My first session was with over 300 factory workers of a fishing company. Even though this is obviously a very large group and you will expect not to have an effective and meaningful conversation, the opposite was true. The group was very attentive, enthusiastic and engaging. It was in hindsight pleasing to observe that the group consisted of many who were part of the same group that I consulted to more than 10 years ago and were at that stage very hostile as they were filled with distrust, ignorance, with anger and disappointment amongst many negative feelings. This was because their previous pension fund at the time was poorly managed and the members were kept in the dark about the affairs of the pension fund. Having provided them with a lot of education, assurances and commitments for the transition (which were obviously lived up to), assured me of a respectable return encounter. This time around, members were interested in finding out if the benefits offered by the fund could be improved further. They made suggestions to be allowed to make additional or voluntary contributions and suggested an increase of the group funeral benefits. They also requested that their pension fund savings be used as security for housing loans from financial institutions. This is the kind of constructive conversations trustees and pension fund service providers alike should and can have when members are happy with the management of their pension fund.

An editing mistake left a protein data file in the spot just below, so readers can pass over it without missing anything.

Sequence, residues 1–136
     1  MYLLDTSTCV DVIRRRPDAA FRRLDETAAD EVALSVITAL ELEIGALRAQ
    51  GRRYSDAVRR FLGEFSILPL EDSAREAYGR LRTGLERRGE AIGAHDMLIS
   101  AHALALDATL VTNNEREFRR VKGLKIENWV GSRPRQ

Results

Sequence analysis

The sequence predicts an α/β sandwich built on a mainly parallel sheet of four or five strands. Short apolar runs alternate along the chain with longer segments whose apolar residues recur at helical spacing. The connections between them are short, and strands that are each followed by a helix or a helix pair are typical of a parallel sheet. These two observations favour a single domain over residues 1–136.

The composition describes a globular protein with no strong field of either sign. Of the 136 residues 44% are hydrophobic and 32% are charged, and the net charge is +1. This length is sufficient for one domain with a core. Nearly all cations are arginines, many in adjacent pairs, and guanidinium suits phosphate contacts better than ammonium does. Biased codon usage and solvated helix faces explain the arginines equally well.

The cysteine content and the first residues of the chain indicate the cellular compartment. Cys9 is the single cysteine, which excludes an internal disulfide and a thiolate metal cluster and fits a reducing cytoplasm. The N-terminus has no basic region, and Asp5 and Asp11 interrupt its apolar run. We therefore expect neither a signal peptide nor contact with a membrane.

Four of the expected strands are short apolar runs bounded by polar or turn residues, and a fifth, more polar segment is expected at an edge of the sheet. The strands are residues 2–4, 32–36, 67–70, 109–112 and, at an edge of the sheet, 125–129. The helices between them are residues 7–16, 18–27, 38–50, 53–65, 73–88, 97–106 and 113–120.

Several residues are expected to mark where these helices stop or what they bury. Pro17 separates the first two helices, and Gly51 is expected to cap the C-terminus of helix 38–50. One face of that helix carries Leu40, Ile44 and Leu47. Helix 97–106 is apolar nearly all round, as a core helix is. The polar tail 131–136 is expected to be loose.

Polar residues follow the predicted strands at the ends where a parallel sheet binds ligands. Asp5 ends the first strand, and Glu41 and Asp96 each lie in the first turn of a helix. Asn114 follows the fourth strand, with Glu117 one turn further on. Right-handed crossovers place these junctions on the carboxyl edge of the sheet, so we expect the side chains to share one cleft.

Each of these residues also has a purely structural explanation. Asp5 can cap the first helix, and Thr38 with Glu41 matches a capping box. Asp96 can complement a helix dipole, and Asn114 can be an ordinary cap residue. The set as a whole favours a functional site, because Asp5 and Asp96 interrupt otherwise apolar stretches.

My second session was with a much smaller group of white collar mining employees. In this session, the members where facing an imminent retrenchment from their employment and thus had a bleak outlook. To make matters worse, the average prudential portfolio returns were depressed over the past year as a result of overall an down turn and volatility in financial markets that prevailed and continue unabated for the past 2 years.  This scenario affirms the point that pension fund investments are long term in nature and should not have to be called upon in the short term, lest it be perceived incorrectly as disappointing.  Instead, members of pension funds should be educated to plan financially for certain eventualities, e.g. sudden loss of income.

My third engagement with groups of members during the course of March this year was with another relatively big group of educationalists from the vocational sector. This group also had various questions they needed answers on but focused on the stringent guidelines laid down by the Pension Funds Act regarding the disposition of benefits on the death of a pension fund member, as well as the income tax deductibility of pension fund contributions.

Unless trustees in particular make a point to engage and have face-to-face contact with members, I would venture to suggest they will not really be able to stay on top of the pension fund needs of their members and risk providing  benefits that are out of pace with member needs.

Marthinuz Fabianus is Deputy Managing Director of Retirement Fund Solutions. He graduated from Namibian University of Science & Technology with a Diploma in Commerce and Bachelors in Business Management. He completed a senior management development programme from University of Stellenbosch and various short courses including a macro-economic policy course which he completed at the International Training Centre of the ILO in Turin, Italy. Marthinuz has 23 years' industry experience.

Kai Friedrich's Administration Forum

Status of the One Chart of Accounts project launched by NAMFISA